J P Chick & Partners have pleasure in announcing that David Cantrill based in the Norwich office has received a commendation for the structural engineering design of the repair, refurbishment and extension to 65 Quay Street. The IStructE structural award 2016 – 65 Quay Street, Orford was presented by the East Anglian Regional Group for ‘Structural Excellence’.
This grade II listed residential dwelling is located in the delightful tourist spot of Orford on the Suffolk Heritage Coast. 65 Quay Street is an 18th century cottage with a history of alteration and refurbishment, some of which had affected its structural stability.
Originally constructed as a timber frame, the cottage was then enclosed within a brick skin, which had been poorly tied to the original structure. During subsequent alterations over the years, tie beams at roof level had been cut through to facilitate movement between rooms. This had led to roof and wall distortion. The one and half storeys complicated the issue, with limited head room. Therefore a discreet framing arrangement was necessary to permit the flow of forces from the roof through the truncated tie beams, and down to the floor structure. The design of a system of steel dowel rods and hidden steel plates was drawn up.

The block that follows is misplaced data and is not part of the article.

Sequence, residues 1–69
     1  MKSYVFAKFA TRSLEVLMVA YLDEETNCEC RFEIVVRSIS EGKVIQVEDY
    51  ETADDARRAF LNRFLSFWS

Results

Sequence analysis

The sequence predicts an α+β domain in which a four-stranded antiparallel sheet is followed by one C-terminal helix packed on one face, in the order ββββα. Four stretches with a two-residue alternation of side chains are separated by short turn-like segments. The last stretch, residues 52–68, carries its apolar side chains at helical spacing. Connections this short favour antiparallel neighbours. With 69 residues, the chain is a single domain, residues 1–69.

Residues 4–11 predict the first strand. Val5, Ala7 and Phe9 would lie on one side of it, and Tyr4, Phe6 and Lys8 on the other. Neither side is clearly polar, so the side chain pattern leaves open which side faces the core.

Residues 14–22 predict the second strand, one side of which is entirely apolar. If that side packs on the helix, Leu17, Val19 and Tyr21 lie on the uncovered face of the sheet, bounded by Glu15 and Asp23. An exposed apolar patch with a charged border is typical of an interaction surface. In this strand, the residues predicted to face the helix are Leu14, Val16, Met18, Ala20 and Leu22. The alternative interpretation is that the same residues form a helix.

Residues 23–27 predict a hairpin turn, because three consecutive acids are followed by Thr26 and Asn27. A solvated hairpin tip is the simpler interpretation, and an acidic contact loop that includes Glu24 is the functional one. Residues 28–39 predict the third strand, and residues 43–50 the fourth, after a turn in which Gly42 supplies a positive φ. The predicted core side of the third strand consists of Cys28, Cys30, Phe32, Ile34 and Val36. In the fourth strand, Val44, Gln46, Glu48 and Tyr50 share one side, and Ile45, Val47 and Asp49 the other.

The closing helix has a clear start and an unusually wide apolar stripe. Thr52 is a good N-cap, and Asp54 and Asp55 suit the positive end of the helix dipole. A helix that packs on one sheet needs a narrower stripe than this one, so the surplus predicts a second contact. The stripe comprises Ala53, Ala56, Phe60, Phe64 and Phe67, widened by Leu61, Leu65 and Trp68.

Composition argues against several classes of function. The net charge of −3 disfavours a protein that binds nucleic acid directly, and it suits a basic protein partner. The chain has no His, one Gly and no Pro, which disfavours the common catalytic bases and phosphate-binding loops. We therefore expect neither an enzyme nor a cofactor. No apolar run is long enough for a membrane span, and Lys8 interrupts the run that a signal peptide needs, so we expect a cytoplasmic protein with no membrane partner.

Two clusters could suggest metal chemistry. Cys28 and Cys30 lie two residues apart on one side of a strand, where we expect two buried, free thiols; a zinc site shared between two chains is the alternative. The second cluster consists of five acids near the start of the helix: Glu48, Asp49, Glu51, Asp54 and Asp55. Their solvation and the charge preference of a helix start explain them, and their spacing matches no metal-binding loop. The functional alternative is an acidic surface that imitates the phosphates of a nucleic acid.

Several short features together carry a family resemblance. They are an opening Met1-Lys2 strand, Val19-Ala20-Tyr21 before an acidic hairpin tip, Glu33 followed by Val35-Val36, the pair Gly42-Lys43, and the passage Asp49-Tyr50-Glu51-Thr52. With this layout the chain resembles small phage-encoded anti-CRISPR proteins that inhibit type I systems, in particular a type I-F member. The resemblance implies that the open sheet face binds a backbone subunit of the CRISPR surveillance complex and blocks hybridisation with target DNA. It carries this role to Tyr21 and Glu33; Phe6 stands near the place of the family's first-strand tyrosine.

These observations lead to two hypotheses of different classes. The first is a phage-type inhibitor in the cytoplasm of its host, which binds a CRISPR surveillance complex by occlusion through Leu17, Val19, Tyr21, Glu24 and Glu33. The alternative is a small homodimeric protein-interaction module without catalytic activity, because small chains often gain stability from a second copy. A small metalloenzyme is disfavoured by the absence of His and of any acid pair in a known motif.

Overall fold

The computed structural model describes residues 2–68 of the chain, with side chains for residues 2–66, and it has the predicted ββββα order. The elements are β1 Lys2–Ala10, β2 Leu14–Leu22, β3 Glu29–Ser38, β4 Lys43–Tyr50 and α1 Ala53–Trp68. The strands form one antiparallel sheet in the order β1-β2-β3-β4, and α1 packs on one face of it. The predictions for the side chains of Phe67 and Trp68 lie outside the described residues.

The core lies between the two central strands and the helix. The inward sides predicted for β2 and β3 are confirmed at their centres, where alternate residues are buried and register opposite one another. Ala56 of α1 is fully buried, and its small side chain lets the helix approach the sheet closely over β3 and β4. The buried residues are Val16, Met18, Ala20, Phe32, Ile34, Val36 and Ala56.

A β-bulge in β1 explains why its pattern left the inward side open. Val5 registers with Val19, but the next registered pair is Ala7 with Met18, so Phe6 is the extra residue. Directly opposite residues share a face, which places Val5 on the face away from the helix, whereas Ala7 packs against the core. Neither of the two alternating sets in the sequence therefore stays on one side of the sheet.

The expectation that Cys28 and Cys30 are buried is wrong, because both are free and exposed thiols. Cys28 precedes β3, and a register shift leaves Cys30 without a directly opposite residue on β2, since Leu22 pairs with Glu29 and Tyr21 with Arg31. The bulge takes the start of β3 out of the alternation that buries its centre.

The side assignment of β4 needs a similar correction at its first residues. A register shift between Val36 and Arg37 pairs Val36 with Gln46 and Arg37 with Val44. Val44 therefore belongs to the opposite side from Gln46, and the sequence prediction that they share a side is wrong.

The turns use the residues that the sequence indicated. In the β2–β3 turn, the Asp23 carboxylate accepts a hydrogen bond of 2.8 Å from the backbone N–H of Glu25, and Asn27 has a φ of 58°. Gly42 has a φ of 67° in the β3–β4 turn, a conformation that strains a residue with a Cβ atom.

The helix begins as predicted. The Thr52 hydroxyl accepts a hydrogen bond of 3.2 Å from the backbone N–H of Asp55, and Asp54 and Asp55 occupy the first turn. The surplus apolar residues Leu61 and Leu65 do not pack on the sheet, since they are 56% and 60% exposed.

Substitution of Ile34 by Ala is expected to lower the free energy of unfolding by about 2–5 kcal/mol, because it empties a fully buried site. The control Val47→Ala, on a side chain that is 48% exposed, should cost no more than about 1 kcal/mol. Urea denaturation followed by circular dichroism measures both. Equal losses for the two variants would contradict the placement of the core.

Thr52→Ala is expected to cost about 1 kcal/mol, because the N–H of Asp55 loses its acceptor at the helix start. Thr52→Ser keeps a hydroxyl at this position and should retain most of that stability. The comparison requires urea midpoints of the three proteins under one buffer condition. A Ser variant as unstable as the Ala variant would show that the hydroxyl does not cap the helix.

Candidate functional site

The extensive decay in many of the key timber elements did not become apparent until the contractor started on site. The structural challenge was to ensure that repairs could be undertaken insitu and that they and the existing undersized beams were sufficient to transfer the necessary forces. Careful consideration had to be given to the decayed timber removal and installation of the steel plates and dowel rods to ensure that they could reduce material wastage and ensure the heritage value of the structure was not compromised.
The Clients planned a spacious highly contemporary extension to the rear of the property. This extension is predominately of lightweight construction with a glazed rearward elevation with two flanking walls one brick and block work the other being timber frame. The timber frame being clad in vertical larch cladding terminating in a curved pier feature.
Historical distortions and shallow foundations made marrying the extension with the historic structure challenging. The solution required a network of very shallow steel channel sections to provide a framework to accommodate the roof joists and a significant central glazed roof light within it. The steel framework is independently supported with all loading carried on the new construction. The verticality of the existing structure proved a challenge during setting out.
Overall this project brought structural challenges which were overcome. The resulting contemporary extension design married light elegant construction to historic fabric for future generations.
Architect: Gorniak & McKechnie
Principal Contractor: ESH Elliston Steady & Hawes